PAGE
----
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Dissecting Medicare

A closer look at the various Medicare plans
Oklahoman Published: October 11, 2011

Medicare is a federally administered system of health insurance available to people age 65 and older and people of any age with certain disabilities or permanent kidney failure.

Medicare Part A: Covers care at hospitals that accept Medicare and is available to beneficiaries for no monthly premium, provided they've worked and paid FICA taxes for at least 10 years. The Part A deductible — or out-of-pocket cost owed before an insurer will pay expenses — is $1,132 per benefit period, which starts when you enter the hospital. The benefit period resets when you've been out of the hospital 60 days.

Medicare Part B: Covers medical care with doctors and other health care professionals who accept Medicare; the monthly premium is deducted from beneficiaries' Social Security checks. Seniors new to Medicare generally pay $115.40, but most pay only $96.40 because there've been no cost-of-living increases for Social Security recipients for several years. The current Part B annual deductible is $162.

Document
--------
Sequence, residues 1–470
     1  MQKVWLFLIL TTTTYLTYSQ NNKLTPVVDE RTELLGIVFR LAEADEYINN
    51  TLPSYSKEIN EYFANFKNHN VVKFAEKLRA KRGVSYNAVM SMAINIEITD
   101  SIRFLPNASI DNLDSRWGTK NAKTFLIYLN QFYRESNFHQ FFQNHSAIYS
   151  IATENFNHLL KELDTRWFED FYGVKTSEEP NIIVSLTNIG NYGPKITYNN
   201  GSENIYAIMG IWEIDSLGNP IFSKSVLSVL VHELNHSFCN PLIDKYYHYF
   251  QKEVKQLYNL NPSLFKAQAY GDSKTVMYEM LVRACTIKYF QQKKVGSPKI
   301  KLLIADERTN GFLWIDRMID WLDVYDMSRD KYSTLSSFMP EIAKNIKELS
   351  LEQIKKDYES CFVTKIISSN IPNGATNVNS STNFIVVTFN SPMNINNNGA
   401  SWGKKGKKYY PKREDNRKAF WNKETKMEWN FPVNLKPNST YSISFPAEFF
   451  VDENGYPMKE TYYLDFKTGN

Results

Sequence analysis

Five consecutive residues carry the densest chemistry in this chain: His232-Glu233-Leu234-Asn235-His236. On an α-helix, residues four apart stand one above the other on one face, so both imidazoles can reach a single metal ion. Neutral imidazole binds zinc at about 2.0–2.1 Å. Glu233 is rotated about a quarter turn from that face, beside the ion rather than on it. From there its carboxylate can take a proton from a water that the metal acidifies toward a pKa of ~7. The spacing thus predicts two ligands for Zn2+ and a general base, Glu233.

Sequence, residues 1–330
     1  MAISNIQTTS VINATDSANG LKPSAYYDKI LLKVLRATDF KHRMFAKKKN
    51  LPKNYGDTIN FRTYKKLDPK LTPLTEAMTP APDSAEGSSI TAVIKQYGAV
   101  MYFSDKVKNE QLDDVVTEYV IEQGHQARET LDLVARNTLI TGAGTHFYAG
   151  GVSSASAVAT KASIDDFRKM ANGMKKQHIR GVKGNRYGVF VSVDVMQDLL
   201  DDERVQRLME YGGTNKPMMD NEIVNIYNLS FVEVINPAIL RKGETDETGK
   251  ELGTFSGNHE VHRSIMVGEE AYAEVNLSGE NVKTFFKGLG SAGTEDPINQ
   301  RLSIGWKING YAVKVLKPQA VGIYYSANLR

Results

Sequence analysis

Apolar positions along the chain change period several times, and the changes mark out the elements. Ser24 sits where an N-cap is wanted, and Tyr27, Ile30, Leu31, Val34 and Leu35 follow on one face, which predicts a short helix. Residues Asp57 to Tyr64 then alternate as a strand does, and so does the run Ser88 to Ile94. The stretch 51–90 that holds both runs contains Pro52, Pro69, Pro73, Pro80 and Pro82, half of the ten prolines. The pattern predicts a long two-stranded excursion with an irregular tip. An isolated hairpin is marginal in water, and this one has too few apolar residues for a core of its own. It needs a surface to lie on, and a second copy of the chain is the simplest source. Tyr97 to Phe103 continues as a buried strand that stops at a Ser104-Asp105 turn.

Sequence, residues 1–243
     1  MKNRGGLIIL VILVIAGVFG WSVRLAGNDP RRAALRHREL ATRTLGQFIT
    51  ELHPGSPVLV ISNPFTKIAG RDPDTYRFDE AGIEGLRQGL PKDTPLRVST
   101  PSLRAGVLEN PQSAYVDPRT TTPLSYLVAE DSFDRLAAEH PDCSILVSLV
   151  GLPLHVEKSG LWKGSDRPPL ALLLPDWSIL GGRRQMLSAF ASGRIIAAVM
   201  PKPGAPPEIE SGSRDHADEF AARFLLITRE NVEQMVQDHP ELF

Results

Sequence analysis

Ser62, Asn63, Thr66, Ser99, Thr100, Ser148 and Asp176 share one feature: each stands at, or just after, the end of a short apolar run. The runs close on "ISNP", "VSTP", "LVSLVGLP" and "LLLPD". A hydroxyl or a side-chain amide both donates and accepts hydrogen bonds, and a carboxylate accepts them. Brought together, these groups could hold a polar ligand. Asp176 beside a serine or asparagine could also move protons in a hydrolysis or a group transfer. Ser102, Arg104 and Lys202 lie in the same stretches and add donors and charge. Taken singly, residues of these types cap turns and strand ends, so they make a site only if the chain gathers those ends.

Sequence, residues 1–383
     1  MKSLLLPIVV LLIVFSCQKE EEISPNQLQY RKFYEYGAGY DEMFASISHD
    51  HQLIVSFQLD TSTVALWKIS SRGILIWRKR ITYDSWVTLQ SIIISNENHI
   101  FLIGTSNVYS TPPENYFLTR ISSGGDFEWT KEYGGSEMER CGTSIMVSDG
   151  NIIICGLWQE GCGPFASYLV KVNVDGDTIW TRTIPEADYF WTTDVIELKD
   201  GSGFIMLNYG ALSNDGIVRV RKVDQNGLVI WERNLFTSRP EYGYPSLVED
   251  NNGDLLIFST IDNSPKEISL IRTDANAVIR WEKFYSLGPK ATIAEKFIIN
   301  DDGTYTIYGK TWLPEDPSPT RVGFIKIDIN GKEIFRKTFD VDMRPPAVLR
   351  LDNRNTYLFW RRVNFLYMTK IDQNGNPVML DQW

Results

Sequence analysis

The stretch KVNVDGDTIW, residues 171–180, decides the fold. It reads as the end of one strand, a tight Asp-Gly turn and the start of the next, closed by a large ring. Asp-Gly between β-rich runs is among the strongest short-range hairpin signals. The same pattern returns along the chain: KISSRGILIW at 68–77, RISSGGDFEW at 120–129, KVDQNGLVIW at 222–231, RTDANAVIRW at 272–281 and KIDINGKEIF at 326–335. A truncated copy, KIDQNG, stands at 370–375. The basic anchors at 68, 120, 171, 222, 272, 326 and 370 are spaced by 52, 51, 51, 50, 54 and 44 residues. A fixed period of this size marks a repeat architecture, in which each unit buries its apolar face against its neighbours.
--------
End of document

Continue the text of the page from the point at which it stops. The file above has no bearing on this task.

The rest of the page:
Part A & B are referred to as Original Medicare. Beneficiaries generally are responsible for 20 percent of their medical costs unless they choose to buy supplemental private insurance policies (Medigap) to cover deductibles, co-pays and coinsurance. There are 10 standardized supplemental plans, each with varying benefits. The most popular is Plan F that, depending on a beneficiary's age, gender and ZIP code, carries a $80 to $177 monthly premium with no deductibles. Depending on their health issues and the possibility of denied coverage, beneficiaries can change supplemental insurance policies whenever they want.

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